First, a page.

• I love hats, gloves, and scarfs.  They keep me warm when I am waiting on my bus and want to play in the snow.
  • We are truly lucky that your agency helps us with our gift exchanges every year.  Thanks.
  • This has been a really unfortunate year for my family.  I don’t know what I would do without the extra help that you guys offer us.  I am thankful.
  • Can I have a hug?  This means more than these tears of joy that you see streaming down my face.  My daughter and I have been homeless and we need all of the assistance that we can get. I am so grateful that I can have a few gifts to give to her Christmas morning.  Thank you so much.
  • Wow!!! When I opened the door to the Christmas Room, I didn’t know what to say.  It was displayed very nicely and had an abundance of gifts for everyone.  Thank you for sharing again this year.
  • There are not enough words to express the gratitude that I am feeling right now.  My next pay isn’t until after Christmas and all I needed was a doll for my daughter.  Out of everything that was in the room, a doll was looking right at me.  Thank you for making me happy enough to have this to present to her on Christmas morning and most of all, for helping her to have what she really wanted the most.

Thanks again to everyone who helped support this effort it was AMAZING!

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A True Christmas Giving Story

Alexander is pictured very excitedly holding one of the items.

Alexander and Russell know the true meaning of Christmas is giving instead of receiving. For their birthday this year, the twins decided to donate their gifts to the children of the Board of Child Care.

They collected items for the BCC’s Christmas Store. Each year we set up a room filled with housewares, jewelry and gift baskets where children and their families can shop for loved ones at no cost. The Christmas Store is one of the many generous projects sponsored by our Volunteer Auxiliary.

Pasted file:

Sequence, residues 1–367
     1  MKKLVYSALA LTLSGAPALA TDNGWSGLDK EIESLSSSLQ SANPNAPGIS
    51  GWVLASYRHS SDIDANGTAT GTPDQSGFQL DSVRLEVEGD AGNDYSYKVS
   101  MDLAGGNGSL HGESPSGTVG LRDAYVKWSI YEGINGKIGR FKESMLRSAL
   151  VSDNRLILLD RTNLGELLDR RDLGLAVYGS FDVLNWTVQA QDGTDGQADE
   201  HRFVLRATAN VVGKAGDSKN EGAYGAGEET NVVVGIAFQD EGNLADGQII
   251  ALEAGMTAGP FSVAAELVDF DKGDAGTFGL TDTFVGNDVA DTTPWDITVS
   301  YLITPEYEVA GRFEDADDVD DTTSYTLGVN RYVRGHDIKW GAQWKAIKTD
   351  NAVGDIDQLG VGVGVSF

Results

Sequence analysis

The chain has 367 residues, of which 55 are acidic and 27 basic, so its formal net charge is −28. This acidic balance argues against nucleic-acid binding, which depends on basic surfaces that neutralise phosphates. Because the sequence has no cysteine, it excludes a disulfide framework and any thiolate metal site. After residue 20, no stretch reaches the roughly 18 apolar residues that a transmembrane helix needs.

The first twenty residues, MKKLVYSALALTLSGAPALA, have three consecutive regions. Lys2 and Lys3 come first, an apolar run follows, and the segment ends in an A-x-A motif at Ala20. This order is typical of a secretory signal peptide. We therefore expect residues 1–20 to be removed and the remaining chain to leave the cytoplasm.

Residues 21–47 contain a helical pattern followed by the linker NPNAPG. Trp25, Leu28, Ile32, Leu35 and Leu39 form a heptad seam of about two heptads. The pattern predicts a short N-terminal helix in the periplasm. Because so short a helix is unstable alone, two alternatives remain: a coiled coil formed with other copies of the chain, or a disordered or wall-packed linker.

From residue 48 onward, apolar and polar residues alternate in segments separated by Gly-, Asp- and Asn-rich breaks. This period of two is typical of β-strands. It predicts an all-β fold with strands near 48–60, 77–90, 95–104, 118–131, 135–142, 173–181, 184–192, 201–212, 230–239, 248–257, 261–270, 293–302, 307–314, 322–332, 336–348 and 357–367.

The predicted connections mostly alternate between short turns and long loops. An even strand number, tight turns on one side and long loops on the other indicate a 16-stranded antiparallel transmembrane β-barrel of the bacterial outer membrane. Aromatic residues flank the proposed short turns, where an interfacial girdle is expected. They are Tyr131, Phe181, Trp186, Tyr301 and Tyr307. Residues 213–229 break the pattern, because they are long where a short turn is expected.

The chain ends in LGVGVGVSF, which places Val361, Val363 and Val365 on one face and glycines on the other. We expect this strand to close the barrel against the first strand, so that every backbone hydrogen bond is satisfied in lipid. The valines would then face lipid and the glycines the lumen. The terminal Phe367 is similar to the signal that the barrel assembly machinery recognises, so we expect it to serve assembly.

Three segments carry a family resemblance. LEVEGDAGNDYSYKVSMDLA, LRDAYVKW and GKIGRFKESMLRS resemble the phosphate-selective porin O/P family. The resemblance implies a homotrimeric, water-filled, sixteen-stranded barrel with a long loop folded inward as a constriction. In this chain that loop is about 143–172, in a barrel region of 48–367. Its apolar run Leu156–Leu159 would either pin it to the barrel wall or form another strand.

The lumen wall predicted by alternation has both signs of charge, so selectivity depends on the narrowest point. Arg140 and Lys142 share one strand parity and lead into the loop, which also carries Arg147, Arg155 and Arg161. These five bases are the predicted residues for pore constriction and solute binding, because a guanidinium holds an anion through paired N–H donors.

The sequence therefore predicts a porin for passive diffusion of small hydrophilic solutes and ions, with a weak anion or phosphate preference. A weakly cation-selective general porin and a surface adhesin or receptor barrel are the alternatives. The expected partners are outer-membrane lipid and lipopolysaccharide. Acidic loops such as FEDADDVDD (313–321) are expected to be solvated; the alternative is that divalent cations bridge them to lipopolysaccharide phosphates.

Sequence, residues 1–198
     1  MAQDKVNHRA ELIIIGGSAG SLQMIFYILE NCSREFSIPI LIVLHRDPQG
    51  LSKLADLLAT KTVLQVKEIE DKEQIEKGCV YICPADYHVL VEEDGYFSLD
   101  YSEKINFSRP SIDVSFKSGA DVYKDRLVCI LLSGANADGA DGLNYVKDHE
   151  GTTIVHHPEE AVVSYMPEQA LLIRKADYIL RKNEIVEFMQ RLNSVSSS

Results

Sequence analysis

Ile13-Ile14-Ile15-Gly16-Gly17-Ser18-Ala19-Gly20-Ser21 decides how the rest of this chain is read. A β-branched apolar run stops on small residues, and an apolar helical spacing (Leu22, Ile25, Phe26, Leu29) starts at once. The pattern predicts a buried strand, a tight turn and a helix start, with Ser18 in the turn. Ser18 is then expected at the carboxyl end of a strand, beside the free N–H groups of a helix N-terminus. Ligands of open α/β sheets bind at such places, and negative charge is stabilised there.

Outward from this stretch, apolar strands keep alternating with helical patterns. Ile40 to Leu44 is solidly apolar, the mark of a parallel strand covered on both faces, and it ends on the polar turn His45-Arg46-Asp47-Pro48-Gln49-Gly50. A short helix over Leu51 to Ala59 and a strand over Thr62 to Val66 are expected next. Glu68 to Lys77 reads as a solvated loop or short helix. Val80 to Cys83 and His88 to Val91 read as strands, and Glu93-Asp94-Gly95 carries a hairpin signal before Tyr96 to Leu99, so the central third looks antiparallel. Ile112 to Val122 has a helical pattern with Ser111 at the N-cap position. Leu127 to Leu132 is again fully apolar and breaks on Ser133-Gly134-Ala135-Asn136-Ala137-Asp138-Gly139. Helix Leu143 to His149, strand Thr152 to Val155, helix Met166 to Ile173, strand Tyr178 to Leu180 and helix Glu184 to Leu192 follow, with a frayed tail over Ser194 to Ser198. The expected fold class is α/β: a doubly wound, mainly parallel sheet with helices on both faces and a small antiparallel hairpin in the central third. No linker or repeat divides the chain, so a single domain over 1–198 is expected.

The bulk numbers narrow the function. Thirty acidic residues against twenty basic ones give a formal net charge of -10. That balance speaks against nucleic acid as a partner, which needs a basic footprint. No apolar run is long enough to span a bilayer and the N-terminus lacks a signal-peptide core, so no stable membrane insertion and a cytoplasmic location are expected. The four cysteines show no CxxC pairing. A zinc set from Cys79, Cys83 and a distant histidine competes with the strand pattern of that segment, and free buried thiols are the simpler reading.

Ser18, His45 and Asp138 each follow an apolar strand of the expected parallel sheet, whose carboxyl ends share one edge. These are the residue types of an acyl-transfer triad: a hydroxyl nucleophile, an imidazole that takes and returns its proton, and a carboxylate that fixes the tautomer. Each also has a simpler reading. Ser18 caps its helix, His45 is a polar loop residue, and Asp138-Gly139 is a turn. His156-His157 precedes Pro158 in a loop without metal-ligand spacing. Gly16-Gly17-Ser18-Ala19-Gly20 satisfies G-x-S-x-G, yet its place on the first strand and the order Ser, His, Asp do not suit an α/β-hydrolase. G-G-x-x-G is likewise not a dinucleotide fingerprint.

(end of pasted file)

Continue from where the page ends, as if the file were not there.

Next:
To no surprise, Alexander and Russel’s gifts were grabbed up immediately as the store opened. The Denton boys are grateful to have a loving and supportive community.

Russell was very shy and did not really want recognition or his picture taken.

 

 

 

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Baltimore Campus Christmas Store 2017

2017 Baltimore Campus Christmas Store is up and running today and tomorrow. Here are a few pictures of the incredible setup and donations from our Auxiliary.

We are grateful for PSA Insurance & Financial Services​ and our Auxiliary volunteers for this year’s Christmas Store! To see more pictures and learn how to get involved with volunteering Board of Child Care​ visit www.boardofchildcare.org/volunteer-auxiliary/what-we-do/christmas-store/
Want to learn how you can help? We always need prayer blankets! Learn how here https://www.boardofchildcare.org/community-volunteering/prayer-blankets/

 

 

Handmade gift baskets for someone special
We love our volunteers!
So many kind and generous people in this world and in our community

 

 

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#MyGivingStory

#MyGivingStory

Written By Rebecca Dunkin, Development Associate at Board of Child Care